Islamist insurgents stormed Iraq’s main oil refinery, sending oil prices higher Wednesday morning, but leaving conflicting reports as to whether the Islamic State of Iraq and Syria had seized the infrastructure facility or if the attack had been repelled by Iraqi army forces.
CNN quoted Iraqi military officials who claimed the Iraqi army had driven back ISIS fighters who had attacked the country’s largest refinery in Baiji.
However, the New York Times spoke to refinery workers, an oil industry official and other eyewitnesses who said that the refinery was in the hands of the jihadists.
Reuters reported that rebels had seized 75 percent of the refinery.
According to the Times, this is the first refinery to fall into the hands of ISIS, which wants to establish a hardline Sunni Islamic regime in Iraq, Syria and in the wider Middle East.
This amateur video purports to show the area during the attack. TheBlaze cannot independently authenticate the video, but experts tracking the situation in Iraq shared it Wednesday on social media.
The New York Times reported that the refinery’s capture could “deny the Iraq government an important source of fuel and provide the insurgents a potentially lucrative income earner, assuming they can ensure the facility’s continued operation and sell the fuel, at least in the areas they control.”
Iraqi military spokesman Gen. Qasem Atta told reporters Wednesday that Iraqi government troops had pushed back the ISIS militants, killing 40 of them.
“Baiji is now under control of our security forces, completely,” Atta said, adding that government troops were “defeating ISIS in the Baiji area.”
News of the assault prompted Iraqi drivers to head out and fill their cars with gas.
The New York Times described the conversations it had with sources on the ground who contradicted the senior military official’s claim that ISIS had been pushed away from the refinery:
A refinery worker who gave only his first name, Mohammad, reached by telephone, said that the refinery had been attacked at 4 a.m. and that workers had taken refuge in underground bunkers. In the course of the fighting, an unknown number of natural gas storage tanks were set ablaze, although it was not clear by which side. After taking heavy losses, the troops guarding the facility surrendered and at least 70 were taken prisoner, he said.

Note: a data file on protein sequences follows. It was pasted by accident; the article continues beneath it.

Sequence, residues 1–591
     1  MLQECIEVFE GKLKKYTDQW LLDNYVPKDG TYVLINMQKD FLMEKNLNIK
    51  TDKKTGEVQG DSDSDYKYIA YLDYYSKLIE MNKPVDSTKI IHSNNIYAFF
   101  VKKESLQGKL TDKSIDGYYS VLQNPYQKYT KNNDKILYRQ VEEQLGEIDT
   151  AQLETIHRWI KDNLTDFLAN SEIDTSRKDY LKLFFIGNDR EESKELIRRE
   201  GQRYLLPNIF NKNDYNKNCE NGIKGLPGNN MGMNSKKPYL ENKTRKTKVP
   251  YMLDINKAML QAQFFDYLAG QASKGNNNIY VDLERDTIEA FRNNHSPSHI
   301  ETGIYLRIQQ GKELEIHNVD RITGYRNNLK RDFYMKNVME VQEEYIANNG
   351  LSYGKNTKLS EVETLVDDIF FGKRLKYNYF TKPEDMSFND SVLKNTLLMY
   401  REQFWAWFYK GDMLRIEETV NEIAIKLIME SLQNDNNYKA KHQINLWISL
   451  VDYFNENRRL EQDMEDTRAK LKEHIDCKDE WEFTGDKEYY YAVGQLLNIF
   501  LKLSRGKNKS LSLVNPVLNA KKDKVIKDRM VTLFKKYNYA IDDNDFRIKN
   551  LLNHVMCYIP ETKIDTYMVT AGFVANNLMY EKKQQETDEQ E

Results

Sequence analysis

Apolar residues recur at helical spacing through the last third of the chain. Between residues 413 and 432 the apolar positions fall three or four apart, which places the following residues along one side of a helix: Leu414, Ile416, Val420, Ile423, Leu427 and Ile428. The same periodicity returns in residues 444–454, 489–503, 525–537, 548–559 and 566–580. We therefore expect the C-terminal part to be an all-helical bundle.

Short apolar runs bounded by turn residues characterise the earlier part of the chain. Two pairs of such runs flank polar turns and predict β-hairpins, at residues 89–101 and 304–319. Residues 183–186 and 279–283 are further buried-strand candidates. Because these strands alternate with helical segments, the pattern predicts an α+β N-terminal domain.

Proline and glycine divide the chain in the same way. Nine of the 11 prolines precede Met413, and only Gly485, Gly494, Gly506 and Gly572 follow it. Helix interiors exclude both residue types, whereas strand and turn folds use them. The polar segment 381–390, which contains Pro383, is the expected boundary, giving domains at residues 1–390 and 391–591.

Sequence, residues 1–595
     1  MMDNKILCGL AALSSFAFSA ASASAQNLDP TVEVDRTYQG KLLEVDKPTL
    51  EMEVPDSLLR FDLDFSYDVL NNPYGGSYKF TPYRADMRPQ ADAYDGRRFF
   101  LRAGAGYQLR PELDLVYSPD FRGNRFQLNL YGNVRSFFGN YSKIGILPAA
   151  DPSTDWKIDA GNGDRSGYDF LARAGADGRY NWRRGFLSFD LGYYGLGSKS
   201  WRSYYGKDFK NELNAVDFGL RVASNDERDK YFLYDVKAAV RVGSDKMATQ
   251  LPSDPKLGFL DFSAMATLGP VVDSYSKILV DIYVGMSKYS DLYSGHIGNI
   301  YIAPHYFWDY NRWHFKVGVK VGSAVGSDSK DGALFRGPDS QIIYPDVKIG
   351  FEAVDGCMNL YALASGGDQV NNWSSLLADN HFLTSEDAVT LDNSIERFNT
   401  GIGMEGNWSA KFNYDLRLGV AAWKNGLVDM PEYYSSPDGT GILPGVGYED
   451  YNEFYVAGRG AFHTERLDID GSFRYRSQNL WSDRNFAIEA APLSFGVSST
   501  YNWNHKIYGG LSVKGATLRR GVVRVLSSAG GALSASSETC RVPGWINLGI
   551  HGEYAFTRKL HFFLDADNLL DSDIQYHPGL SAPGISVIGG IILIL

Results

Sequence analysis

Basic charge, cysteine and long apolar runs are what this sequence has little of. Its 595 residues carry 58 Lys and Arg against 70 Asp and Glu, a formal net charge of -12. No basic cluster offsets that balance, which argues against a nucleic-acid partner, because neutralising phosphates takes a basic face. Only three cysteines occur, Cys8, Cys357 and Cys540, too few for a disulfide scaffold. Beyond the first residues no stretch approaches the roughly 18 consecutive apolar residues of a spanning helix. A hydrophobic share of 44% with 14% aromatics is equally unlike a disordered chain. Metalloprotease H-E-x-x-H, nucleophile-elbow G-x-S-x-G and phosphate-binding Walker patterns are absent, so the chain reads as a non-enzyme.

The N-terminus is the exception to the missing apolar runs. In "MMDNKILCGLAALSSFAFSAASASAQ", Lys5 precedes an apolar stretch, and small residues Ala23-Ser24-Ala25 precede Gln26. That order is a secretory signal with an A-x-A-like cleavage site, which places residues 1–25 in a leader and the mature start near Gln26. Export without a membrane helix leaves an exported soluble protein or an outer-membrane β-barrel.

Refinery workers were sent home unharmed by the extremists, said Mohammad, who asked that his full name not be used for fear of retribution.
A lieutenant from the battalion guarding Baiji, also reached by telephone and speaking on condition of anonymity, said he had fled his unit when it became clear that it would not be able to hold out against ISIS forces.
An unnamed oil industry official confirmed to the Times that that the refinery had fallen. Others in the area said they saw ISIS checkpoints around the refinery and that numerous fires had been set.
Crude oil prices were higher on Wednesday morning, according to MarketWatch reporting “the U.S. benchmark pushing back toward $107 a barrel” following news of the refinery attack.
The Associated Press noted that the Baiji refinery “accounts for a little more than a quarter of the country’s entire refining capacity.” The refinery provides petroleum products like gas and cooking oil, used mostly domestically.
Iraq is the second-largest oil producer in OPEC.